Many people have tried to explain why Beamon jumped so well that day. Many point to the tailwind and also the high altitude - which has been suggested is the reason many world records fell in Mexico City. But all the long jumpers experienced the same conditions that day.
Beamon says he had spent time working on his running speed with US sprinters Tommie Smith and John Carlos and he could run fast enough to make the US relay team.
"To be honest with you, I look back at it and I say, maybe it's still a dream. Or sometimes you have to feel yourself and say, we're in a real world," he said.
His world record stood for 23 years until the World Athletics Championships in 1991 in Tokyo. American Mike Powell jumped 8.95m to set a new world record eclipsing Beamon's jump by 5cm. Powell's jump is the only time someone has jumped further than Beamon.
Beamon still holds the Olympic record and it is still the longest-standing record in a summer Olympics.
Losing my scholarship for boycotting
Growing up, Beamon had experienced racial injustice and division across the United States. This included the assassination of Dr Martin Luther King Jr. Just a few days after the death of the civil rights activist, Beamon and some athletes decided to make their own stand.
Beamon joined seven athletes to boycott a track meet at Brigham Young University because of their views and treatment of black African Americans. Beamon was at the University of Texas at El Paso at the time and was warned by the athletics director that he would lose his scholarship if he went ahead with the boycott.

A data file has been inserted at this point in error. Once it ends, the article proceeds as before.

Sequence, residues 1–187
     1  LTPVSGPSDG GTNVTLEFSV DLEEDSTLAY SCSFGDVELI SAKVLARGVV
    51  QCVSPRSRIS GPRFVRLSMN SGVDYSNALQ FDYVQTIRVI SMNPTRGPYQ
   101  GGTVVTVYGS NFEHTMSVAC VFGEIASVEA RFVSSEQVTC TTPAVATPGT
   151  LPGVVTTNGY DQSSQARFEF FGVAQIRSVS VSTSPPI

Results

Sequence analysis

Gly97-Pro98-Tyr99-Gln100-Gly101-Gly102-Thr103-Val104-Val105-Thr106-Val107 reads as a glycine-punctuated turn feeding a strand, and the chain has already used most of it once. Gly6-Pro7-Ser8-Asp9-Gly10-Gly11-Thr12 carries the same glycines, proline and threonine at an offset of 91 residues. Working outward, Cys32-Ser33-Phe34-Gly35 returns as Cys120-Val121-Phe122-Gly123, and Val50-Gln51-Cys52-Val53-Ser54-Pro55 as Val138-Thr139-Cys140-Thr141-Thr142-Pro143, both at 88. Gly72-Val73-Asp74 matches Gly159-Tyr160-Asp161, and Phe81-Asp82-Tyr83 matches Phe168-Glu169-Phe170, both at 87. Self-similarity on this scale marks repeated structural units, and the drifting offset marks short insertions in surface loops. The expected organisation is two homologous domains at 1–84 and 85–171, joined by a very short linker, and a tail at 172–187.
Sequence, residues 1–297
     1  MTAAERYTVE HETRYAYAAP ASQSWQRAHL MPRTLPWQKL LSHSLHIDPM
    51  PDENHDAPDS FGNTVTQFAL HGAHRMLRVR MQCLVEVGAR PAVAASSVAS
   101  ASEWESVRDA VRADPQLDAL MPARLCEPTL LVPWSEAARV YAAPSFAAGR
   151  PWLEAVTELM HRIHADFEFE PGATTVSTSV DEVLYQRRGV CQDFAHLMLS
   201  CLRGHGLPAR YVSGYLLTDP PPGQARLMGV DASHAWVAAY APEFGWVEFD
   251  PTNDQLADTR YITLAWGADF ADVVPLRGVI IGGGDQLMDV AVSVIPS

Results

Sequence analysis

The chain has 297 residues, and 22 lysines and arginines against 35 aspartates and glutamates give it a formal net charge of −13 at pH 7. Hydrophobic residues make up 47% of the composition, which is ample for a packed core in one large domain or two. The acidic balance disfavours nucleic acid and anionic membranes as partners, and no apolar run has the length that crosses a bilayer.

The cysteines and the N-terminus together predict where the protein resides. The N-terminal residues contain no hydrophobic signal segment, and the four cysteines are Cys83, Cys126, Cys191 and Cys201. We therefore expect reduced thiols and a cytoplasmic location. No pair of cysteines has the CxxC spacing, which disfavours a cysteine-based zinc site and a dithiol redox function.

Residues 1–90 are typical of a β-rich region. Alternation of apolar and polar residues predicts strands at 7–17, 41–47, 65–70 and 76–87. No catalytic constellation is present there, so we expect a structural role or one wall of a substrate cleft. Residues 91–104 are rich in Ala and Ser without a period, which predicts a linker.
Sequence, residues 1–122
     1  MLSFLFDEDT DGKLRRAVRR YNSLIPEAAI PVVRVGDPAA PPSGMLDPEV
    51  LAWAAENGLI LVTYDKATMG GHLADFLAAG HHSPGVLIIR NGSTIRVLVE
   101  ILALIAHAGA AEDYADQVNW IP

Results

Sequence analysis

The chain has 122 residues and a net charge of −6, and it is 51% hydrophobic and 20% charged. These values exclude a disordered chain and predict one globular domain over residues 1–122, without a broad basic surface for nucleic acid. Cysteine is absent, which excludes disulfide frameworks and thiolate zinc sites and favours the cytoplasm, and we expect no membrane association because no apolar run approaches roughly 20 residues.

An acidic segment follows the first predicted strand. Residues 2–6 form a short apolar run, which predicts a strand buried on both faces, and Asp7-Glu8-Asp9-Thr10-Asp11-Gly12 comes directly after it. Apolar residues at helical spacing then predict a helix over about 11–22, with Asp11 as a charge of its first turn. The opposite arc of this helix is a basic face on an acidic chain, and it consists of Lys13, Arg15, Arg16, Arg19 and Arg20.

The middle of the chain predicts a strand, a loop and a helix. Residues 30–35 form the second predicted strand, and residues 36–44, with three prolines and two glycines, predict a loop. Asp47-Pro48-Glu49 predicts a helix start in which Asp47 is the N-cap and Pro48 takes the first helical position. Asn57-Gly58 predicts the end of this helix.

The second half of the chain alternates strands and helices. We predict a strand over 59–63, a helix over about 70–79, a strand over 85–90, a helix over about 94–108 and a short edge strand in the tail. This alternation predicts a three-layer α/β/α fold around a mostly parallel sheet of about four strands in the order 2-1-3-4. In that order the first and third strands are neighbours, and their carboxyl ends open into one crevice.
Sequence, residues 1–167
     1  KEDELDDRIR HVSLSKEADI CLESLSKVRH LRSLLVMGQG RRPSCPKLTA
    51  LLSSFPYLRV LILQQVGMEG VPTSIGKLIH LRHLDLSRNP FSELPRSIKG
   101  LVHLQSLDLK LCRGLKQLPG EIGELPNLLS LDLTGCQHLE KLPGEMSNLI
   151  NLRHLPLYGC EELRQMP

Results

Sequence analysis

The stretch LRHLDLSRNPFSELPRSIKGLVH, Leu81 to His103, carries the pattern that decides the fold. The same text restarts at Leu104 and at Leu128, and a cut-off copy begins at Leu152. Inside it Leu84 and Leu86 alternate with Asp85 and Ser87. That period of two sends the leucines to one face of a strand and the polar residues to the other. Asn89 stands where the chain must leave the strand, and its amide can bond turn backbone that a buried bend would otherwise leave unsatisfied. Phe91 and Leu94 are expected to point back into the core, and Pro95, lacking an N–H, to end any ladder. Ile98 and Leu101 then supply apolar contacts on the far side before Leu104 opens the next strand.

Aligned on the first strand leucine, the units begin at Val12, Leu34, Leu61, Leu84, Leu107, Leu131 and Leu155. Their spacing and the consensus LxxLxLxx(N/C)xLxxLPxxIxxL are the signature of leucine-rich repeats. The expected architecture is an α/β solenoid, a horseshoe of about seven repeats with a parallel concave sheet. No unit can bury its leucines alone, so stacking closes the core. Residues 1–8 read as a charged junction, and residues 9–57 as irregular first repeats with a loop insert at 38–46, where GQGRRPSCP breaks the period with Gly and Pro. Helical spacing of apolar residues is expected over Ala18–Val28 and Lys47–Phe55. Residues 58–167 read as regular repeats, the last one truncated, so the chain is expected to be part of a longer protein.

Brigham was a Mormon school and the athletes were angry because they thought the institution promoted racial injustice.
Beamon told Sky Sports News: "There was not a good feeling or it was addressed as we were not as equal or were looked down upon as black people."
But Beamon would not back down and with six months to go before the Olympics, he was suspended and his scholarship was taken away.
He had been "very sympathetic" to the views of many black athletes who wanted to boycott the Olympics that year over racial injustice. But Beamon also saw it as the first opportunity to achieve a dream.
"My gut reaction and my feeling was that I had trained from the time I was seven," he said.
"I can't say that I was training for the Olympic Games at seven, but that's when I started to really feel like sports was something that was fun and something to do, and track and field became a part of it directly and indirectly.
"I kept my eye on the big prize and the big prize was to make the Olympic team."
He feels it was vindicated as he won gold and also bravely protested on the podium after getting his medal.
Beamon protested but did anyone notice?